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Old 04-08-2009, 02:49 PM
 
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I know in some cultures or even in some professions the afterhours scene is important for networking and maybe to get yourself promoted. I have no desire to see people I work with when I am not being paid to do so. If I am going to be brown nosing someone I want to be paid for it. I can be fun at work or even when there is an out of town conference and we spend two or three days at meetings and social functions, but I would never want to be around any one I work with out side of work. My question is, is this behavior insulting or detrimental or acceptable? I will be starting a new job in the future and plan on not socializing with whatever group of *******s I have to work with or work for.

Last edited by thriftylefty; 04-08-2009 at 03:06 PM..
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Old 04-08-2009, 02:50 PM
 
Location: Chicago, Illinois
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you just have to. otherwise "things" will develop. you don't have to be their best friend but mine as well act cool while on the job. it will make things a lot comfortable for you and everybody really.

that behavior is NORMAL for the work place. i'm the same way. i'm this 25 year old dude working with a bunch of 40 on up year olds. they're cool but save for a couple of cougars, i'm not trying to chill with them outside of work.
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Old 04-08-2009, 02:51 PM
 
Location: Incognito
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I socialize with mine for 10 hours a day monday to friday. That more than enough socialization for me.
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Old 04-08-2009, 02:54 PM
miu
 
Location: MA/NH
17,362 posts, read 35,292,084 times
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What profession are you in? I hope that you can at least like and respect your co-workers as fellow workers. If not, your disdain for them might show. At least have lunch with them on occasion. And if your off hours social life is already full, then you have a good and valid excuse for avoiding their social events.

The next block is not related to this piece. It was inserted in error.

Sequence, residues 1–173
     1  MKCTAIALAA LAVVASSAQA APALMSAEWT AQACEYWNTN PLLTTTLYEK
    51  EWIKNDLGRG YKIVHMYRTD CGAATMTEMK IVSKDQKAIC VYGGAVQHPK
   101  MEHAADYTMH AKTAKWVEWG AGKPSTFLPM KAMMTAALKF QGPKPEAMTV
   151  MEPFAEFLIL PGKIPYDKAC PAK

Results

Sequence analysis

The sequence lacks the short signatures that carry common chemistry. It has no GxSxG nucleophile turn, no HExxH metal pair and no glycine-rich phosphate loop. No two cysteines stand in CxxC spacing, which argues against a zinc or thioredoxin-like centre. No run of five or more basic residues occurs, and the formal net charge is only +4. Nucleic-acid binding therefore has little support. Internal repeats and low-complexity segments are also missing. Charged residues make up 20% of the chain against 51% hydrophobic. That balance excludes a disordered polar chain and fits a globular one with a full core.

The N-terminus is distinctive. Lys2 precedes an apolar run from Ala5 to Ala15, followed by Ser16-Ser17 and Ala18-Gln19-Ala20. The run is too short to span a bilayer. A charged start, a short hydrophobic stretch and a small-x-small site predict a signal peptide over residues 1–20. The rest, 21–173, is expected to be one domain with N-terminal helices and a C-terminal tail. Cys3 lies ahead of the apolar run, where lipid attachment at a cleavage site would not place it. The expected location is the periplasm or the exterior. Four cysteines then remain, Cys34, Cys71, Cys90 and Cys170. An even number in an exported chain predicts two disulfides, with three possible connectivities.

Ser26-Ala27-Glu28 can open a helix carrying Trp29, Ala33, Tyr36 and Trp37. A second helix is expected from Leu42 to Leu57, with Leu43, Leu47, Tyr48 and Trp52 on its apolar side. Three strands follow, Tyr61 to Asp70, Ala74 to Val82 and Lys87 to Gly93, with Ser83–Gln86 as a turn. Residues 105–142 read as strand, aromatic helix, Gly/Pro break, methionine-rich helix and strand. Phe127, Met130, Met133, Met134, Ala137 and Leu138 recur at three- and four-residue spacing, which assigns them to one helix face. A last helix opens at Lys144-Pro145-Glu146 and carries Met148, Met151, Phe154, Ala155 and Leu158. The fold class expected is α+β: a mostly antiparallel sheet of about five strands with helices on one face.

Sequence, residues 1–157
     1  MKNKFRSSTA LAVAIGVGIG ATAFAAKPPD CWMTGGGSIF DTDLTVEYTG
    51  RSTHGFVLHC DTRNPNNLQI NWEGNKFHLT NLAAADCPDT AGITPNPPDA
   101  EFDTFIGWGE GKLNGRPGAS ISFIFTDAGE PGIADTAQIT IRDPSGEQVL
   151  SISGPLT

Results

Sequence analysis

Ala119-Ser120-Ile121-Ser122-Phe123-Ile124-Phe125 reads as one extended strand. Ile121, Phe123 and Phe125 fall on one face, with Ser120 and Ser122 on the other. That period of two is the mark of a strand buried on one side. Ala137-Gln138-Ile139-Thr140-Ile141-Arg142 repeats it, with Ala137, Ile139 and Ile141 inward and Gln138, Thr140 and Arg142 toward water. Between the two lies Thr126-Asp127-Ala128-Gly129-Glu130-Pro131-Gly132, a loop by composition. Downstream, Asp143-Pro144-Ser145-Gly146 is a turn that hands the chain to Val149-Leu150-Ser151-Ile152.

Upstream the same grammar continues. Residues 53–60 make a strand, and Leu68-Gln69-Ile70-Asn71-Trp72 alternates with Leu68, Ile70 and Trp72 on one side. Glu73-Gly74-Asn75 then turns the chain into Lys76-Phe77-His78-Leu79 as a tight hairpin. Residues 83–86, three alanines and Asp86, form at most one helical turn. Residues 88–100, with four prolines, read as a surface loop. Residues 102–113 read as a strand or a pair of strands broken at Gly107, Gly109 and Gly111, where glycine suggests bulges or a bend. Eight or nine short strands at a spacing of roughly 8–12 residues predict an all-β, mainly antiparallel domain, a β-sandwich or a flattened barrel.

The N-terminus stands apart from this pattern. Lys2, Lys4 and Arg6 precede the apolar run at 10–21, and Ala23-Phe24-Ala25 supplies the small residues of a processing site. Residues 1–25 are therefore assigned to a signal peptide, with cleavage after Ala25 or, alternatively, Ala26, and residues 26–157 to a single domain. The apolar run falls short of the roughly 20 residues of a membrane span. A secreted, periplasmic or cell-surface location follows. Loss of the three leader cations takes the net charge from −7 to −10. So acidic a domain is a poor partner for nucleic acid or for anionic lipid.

I hope that you are pleasantly surprised at your new job and actually like some of your co-workers. If you end up disliking them all as people, then I suggest you find yourself another job quickly. It's not good to spend 40+ hours every week in the company of those you dislike.
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Old 04-08-2009, 02:56 PM
 
Location: Everybody is going to hurt you, you just gotta find the ones worth suffering for-B Marley
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Quote:
Originally Posted by thriftylefty View Post
My question is, is this behavior insulting or detrimental or acceptable? I will be starting a new job in the future and plan on not socializing with whatever group of *******s I have to work with or work for.
It cost me dearly at my last job. I worked 12 hour shifts on my feet in a hospital. While most sat at the nurses station off and on all day and chatted, I kept moving. I had to stay focused and on track or lose my momentum and train of thought--I'm a true scatter-brain. If my patients were all taken care of for the moment, I'd start over from the beginning and check on them all and/or restock. For that, my socializing at work got me labeled asocial. So I guess my answer is, yes, it was insulting to my coworkers that I didn't socialize.

I might add, it's b'c they took this attitude about me not socializing at work that I don't socialize with them outside work. They shouldn't have judged me. They should have just asked, why don't you ever sit and chat with us at work?

Last edited by Whyte Byrd; 04-08-2009 at 03:10 PM..
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Old 04-08-2009, 03:09 PM